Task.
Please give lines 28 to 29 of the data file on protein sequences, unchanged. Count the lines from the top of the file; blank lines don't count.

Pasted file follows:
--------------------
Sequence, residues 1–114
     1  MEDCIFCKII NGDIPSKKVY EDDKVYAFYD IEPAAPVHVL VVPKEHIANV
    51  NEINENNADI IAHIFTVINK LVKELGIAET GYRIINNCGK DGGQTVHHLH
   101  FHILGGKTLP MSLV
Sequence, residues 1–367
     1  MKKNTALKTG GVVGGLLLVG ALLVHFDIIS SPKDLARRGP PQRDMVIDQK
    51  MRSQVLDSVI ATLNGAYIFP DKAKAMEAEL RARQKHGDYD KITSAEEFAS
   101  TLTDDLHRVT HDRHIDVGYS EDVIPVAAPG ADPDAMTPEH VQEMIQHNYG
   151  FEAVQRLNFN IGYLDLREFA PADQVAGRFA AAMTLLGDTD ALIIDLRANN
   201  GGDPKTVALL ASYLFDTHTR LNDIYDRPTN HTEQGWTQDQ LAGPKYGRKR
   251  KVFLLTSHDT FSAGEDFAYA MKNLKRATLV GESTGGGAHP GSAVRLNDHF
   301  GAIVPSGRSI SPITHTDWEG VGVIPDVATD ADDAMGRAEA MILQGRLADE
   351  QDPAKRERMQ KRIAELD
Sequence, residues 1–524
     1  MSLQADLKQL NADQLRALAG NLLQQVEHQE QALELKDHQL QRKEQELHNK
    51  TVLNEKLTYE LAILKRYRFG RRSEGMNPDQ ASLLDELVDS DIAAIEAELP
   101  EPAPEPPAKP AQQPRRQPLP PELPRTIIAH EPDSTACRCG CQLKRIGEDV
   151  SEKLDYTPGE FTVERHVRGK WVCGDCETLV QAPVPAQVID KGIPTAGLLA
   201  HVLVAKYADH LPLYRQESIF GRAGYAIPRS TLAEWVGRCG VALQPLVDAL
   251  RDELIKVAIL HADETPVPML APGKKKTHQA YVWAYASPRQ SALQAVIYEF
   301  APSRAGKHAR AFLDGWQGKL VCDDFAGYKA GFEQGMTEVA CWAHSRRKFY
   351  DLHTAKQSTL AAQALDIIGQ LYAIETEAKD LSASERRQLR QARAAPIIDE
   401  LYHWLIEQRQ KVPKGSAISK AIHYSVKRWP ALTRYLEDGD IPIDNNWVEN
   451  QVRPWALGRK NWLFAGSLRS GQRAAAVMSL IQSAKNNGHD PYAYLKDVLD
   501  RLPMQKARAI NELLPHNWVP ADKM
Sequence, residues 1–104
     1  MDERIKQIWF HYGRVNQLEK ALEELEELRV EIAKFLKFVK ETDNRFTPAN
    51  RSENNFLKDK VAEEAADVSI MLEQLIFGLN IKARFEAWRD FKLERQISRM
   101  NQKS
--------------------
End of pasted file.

    51  RSENNFLKDK VAEEAADVSI MLEQLIFGLN IKARFEAWRD FKLERQISRM
   101  NQKS